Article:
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Junior Rangers of YUS: Conservation Heroes

Posted by Kirsten Pisto, Communications

These are the conservation stewards of tomorrow and we salute their dedication and passion for protecting endangered species like the Matschie’s tree kangaroo. Photo by Chris Banks, Zoos Victoria
Young people are the future of our communities and the future stewards of our planet. There is no better example of this than the Junior Rangers of Papua New Guinea. An integral part of the success of Woodland Park Zoo’s Tree Kangaroo Conservation Program, these youth are the real conservation heroes who are learning about and working towards a sustainable and balanced ecosystem in their own communities.

Looking to the future with Junior Rangers. Photo by Lisa Dabek, Woodland Park Zoo.

Photo by Chris Banks, Zoos Victoria
The Yopno-Uruwa-Som (YUS) “Junior Ranger Program” is based around activities designed specifically for children who live throughout the YUS Conservation Area, a protected area on the Huon Peninsula in Papua New Guinea which Woodland Park Zoo helped to create. To ensure they become empowered community members, and lead through future conservation stewardship and sustainable community development, the Junior Ranger program links indigenous knowledge with citizen science through hands-on approaches and engagement in ecology. This deeper understanding of conservation and educational opportunity leads to increased success of conservation efforts and positive community development.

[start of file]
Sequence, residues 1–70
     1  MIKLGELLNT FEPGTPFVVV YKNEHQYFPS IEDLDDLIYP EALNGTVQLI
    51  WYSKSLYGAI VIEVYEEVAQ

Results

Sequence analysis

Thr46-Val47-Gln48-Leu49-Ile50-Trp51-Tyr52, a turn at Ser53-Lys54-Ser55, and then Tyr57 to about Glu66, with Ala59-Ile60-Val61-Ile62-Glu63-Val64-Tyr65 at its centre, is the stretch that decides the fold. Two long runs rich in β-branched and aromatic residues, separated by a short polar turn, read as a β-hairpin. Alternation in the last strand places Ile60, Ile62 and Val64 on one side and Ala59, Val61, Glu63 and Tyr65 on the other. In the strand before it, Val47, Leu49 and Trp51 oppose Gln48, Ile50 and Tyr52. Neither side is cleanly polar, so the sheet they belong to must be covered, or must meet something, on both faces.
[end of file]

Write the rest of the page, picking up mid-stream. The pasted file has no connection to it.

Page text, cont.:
We chatted with Gibson Sil Galla’h from the Papua New Guinea Tree Kangaroo Conservation Program’s Education and Leadership team to learn more about these incredible kids and the successful community programming that inspires us all.